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President Lincoln Deceived

Dean Feldmeyer, from The Circuit Rider, June, 1993, quoted in Leadership, Fall, 1993, p. 56

In October 1864, word came to President Abraham Lincoln of a Mrs. Bixby, a Boston widow whose five sons had all been killed fighting in the Civil War. Lincoln later wrote his condolences:

Dear Madam,

I have been shown in the files of the War Department a statement of the Adjutant General of Massachusetts that you are the mother of five sons who have died gloriously on the field of battle.

I feel how weak and fruitless must be any word of mine which should attempt to beguile you from the grief of loss so overwhelming. But I cannot refrain from tendering you the consolation that may be found in the thanks of the republic they died to save.

I pray that our heavenly Father may assuage the anguish of your bereavement, and leave you only the cherished memory of the loved and lost, and the solemn pride that must be yours to have laid so costly a sacrifice upon the altar of freedom.

Yours very sincerely and respectfully, Abraham Lincoln

How beautiful the story would be if it ended here with the simple, literary elegance that was Lincoln's alone. But there is more. The story took an ironic turn just a few weeks after the letter was sent. No sooner had Mrs. Bixby received her letter when it was leaked to the press by someone in the White House. It was proclaimed a masterpiece for some weeks until a reporter went to the records of the Adjutant General and discovered that the President had been given bad information.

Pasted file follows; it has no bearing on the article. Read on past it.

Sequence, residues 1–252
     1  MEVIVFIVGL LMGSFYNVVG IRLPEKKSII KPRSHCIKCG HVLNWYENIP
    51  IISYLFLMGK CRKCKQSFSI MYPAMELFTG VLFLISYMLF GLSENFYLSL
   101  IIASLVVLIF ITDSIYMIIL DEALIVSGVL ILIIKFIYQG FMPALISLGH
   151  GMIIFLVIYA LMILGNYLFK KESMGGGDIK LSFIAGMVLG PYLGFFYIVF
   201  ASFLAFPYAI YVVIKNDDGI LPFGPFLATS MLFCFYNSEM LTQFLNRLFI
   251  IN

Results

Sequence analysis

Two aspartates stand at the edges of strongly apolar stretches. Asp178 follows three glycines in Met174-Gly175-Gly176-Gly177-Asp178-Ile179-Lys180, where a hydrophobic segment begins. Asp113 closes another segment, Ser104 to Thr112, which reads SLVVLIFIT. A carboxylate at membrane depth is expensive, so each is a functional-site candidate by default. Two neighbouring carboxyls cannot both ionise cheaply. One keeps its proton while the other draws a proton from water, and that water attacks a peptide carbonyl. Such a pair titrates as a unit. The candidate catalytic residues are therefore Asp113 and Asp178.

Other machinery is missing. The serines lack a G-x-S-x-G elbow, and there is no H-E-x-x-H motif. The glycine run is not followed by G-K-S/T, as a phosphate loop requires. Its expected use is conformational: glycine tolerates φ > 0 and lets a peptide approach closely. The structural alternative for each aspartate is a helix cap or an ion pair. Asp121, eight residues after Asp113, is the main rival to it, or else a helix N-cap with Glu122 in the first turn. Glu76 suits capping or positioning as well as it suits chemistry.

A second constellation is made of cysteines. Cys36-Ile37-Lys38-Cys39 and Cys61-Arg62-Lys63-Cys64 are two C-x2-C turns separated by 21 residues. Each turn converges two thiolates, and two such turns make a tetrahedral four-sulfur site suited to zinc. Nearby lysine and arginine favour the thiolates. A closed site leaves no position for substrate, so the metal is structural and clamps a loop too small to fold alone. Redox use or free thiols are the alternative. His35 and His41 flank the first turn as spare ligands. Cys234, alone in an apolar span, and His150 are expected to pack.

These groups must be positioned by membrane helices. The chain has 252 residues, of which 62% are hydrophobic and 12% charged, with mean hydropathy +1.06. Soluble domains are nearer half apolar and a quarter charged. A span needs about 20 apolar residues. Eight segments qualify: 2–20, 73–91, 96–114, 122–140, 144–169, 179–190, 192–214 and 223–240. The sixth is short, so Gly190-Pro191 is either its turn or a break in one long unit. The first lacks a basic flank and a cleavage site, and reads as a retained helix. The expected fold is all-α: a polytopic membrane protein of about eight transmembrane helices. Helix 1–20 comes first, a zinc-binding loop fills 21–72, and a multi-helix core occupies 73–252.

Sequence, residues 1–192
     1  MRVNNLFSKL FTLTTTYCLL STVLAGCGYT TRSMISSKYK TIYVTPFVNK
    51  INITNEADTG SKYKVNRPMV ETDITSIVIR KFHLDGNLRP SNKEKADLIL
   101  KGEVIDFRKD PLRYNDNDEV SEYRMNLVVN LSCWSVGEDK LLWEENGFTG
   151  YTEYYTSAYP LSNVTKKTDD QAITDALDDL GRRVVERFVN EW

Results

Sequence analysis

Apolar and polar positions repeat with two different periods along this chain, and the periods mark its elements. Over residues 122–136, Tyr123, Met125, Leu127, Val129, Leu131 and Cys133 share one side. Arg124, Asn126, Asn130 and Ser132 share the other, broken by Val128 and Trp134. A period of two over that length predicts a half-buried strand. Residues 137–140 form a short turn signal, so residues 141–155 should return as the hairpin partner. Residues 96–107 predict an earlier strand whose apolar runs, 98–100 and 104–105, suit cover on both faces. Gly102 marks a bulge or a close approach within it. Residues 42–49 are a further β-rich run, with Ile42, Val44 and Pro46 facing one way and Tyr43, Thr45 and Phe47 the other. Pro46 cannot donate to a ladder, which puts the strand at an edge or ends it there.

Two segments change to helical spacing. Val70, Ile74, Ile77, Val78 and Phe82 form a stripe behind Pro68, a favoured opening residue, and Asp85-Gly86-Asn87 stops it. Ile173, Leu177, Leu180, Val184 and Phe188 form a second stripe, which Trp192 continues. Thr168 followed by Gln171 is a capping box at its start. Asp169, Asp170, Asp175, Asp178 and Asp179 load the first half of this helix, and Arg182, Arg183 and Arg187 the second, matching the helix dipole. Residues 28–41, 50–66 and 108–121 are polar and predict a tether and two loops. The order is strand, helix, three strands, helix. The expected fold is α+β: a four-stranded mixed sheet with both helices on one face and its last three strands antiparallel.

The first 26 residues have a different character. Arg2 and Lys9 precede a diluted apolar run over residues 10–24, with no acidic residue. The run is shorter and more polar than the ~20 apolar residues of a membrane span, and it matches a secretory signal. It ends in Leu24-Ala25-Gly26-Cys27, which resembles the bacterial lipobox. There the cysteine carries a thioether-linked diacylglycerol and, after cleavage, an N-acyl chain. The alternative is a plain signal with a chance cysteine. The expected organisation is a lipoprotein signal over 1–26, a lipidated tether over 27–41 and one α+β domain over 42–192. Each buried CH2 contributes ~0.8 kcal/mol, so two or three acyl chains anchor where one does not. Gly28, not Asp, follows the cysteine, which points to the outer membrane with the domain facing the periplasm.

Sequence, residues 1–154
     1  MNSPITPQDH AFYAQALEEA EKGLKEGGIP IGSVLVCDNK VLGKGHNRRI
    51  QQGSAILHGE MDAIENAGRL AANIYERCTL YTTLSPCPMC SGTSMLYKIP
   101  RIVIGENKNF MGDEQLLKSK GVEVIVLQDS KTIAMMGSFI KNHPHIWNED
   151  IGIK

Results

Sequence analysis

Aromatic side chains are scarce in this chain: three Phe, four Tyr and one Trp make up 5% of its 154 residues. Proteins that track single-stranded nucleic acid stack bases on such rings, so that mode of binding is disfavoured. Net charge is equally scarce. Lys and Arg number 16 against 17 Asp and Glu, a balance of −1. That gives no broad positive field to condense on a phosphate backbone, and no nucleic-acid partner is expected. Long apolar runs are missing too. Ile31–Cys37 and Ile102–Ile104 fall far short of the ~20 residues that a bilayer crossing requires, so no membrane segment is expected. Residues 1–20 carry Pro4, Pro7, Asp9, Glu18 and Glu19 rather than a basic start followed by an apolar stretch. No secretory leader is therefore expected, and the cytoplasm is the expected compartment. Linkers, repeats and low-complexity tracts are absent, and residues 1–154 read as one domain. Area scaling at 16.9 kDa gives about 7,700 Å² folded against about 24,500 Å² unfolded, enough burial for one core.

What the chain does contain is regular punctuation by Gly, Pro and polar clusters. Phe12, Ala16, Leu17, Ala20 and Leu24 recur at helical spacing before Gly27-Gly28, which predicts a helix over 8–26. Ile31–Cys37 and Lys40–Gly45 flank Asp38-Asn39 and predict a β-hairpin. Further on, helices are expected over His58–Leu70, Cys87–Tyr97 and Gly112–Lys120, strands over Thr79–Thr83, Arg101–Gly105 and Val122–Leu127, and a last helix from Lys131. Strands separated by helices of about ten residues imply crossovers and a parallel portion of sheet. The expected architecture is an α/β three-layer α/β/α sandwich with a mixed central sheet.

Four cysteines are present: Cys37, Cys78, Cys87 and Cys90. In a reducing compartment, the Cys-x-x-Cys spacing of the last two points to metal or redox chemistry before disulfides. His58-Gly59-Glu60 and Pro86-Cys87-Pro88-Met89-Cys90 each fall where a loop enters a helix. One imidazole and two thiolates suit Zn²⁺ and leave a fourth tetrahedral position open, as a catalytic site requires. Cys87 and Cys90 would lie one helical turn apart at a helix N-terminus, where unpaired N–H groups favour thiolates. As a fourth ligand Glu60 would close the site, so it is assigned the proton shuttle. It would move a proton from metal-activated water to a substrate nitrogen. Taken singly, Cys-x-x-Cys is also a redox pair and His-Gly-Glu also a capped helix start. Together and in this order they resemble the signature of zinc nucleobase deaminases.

Mrs. Bixby had not lost all five of her sons in battle. One was killed in action at Fredericksburg. One was killed in action at Petersburg. One was taken prisoner at Gettysburg and later exchanged and returned to his mother in good health. One deserted to the enemy. One deserted his post and fled the country.

Word got out, and the press, as well as the rest of the Union, became divided in its support of the President. Some said he had been innocently duped. Others said his feelings were sincere if the cause was not.

Carl Sandburg, in his exhaustive biography of Lincoln, has the last word:

Whether all five had died on the field of battle, or only two, four of her sons had been poured away into the river of war. The two who had deserted were as lost to her as though dead. The one who had returned had fought at Gettysburg....She deserved some kind of token, some award approaching the language Lincoln had employed. Lincoln was not deceived.

How like the Bixby family is each one of us: a mixture of success and failure, honor and shame. The only man worthy of honor is Jesus Christ. Yet knowing the whole story of our lives, Christ will honor those who serve him.